Recently, Toyota decided to join other major tech companies who have chosen to make life a whole lot easier for blind or visually impaired persons. Toyota’s project BRAID is engineered to help blind people find their way around obstacles easier than before.
After announcing the launch of a new wooden car concept called Toyota Setsuna, the Japanese carmaker is now focusing on delivering a new kind of product, one that would benefit people who are blind or who have any type of visual impairment.
Up until now, an individual suffering from cecity or advanced macular degeneration relied on simple items to find their way around obstacles and to carry out everyday tasks.
Before the GPS technology could be used to fashion navigational devices for those with eye problems, blind persons used to rely on specially designed canes, Seeing Eye dogs and on they sense of hearing.
But now, Toyota wants to help these people fulfill their daily task much easier than they did when they relied on a traditional item.
The new project, called BRAID, aims to design an apparatus that can be worn on the shoulder. Equipped with motion-sensor cameras and other types of sensors, this device could identify potential obstacles like staircases, furniture, plants, and chairs and relay the information in real-time, using audio and vibratory signals.
Google aimed to design a similar device a while back. Google Glass was the name of the project, and its purpose was to aid visually impaired individual to perform various tasks by telling them what goes on around them.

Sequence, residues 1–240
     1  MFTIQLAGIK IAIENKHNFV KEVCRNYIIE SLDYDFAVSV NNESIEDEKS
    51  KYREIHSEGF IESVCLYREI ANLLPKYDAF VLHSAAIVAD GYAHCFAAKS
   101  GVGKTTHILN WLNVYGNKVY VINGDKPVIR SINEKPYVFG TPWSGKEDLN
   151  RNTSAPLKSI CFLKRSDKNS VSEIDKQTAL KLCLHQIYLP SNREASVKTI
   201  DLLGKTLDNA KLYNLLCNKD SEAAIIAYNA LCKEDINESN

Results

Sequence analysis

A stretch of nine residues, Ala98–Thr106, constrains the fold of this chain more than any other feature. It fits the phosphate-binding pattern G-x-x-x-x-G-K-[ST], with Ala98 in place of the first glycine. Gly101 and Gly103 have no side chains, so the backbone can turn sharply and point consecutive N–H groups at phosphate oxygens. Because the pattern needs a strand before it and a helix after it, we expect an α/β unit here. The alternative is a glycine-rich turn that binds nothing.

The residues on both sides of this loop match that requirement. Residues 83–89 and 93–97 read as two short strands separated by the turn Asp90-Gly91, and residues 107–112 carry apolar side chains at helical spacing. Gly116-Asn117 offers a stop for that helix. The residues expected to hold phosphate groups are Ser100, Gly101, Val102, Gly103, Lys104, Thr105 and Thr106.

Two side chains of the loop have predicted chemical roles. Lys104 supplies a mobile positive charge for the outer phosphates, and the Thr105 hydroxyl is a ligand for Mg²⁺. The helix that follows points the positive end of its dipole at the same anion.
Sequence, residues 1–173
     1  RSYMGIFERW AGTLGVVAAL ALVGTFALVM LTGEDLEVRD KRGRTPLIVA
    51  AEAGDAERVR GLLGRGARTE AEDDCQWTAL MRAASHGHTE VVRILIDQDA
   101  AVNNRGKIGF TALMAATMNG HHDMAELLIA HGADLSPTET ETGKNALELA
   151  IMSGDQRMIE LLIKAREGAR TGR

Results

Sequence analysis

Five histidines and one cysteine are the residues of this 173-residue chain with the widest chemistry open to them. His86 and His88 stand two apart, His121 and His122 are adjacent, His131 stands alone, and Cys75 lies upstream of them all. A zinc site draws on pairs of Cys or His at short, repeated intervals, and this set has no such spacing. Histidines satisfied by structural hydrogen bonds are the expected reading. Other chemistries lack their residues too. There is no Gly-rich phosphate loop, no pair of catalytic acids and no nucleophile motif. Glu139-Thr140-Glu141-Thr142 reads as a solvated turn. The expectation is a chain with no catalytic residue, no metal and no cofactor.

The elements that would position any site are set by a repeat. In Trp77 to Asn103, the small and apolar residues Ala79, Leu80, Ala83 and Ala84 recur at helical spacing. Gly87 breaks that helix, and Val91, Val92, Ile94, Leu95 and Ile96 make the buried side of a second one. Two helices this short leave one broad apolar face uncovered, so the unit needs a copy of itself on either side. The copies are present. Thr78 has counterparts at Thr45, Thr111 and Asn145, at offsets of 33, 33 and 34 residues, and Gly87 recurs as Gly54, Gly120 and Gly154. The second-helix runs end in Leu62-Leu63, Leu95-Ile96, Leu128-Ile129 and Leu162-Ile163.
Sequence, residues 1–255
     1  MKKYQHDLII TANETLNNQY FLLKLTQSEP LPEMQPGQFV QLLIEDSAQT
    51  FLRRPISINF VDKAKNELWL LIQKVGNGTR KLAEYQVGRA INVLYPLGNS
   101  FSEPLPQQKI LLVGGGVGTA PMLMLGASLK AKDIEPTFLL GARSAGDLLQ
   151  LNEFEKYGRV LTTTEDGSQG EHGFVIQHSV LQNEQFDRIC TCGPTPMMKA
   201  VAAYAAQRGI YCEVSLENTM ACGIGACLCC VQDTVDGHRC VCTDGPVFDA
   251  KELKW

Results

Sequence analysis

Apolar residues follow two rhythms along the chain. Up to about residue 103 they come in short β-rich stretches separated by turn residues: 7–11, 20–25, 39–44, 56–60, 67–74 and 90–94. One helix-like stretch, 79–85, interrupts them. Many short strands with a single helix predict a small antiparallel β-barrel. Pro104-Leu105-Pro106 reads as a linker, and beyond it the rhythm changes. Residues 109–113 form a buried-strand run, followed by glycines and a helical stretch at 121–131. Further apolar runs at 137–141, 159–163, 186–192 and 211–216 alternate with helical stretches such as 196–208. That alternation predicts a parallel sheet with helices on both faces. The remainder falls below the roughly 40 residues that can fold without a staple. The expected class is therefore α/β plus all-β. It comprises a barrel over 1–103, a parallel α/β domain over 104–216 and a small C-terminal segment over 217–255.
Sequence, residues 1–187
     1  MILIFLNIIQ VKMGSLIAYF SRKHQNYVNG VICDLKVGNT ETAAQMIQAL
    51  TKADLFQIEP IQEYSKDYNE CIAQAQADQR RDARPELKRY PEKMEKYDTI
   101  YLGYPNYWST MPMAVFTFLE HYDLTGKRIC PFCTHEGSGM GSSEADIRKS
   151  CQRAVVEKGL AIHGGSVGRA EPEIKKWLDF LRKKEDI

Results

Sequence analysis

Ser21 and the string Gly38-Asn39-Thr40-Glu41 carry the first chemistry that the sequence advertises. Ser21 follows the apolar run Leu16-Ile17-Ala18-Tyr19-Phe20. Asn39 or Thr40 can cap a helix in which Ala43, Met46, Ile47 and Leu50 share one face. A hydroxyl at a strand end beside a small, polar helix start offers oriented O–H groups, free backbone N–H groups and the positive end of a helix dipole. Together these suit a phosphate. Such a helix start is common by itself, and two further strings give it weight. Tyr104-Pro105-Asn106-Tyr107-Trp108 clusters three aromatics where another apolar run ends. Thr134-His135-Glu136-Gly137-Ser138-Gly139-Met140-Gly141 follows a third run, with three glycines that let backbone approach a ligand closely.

Like any other smart device, the wearable BRAID gizmo will be capable of pairing off with any smart devices like smartphones, tablets and computers. Moreover, the users will be able to interact directly with the instrument either by using the comprehensive Braille-marked buttons or by making use of the voice engine.
Users will now be able to issue voice commands to the device. For example, using the voice engine, the wearer can ask the device to tell him or her their location. The device can also be called upon to supply a brief description of the environment, pointing out the major obstacles found on the way.
This means that if the users are, let’s say, in a new apartment, it can ask the device to enumerate what’s in his or hers vicinity. BRAID will scan the environment and will say something like: “at a distance of 2 meters you will find a chair.”
Of course, this project is in its infancy. Doug Moore, Toyota’s manager of the Robotics section, declared that he will ask the help of the employees to test out the prototype in all sorts of locations and situations.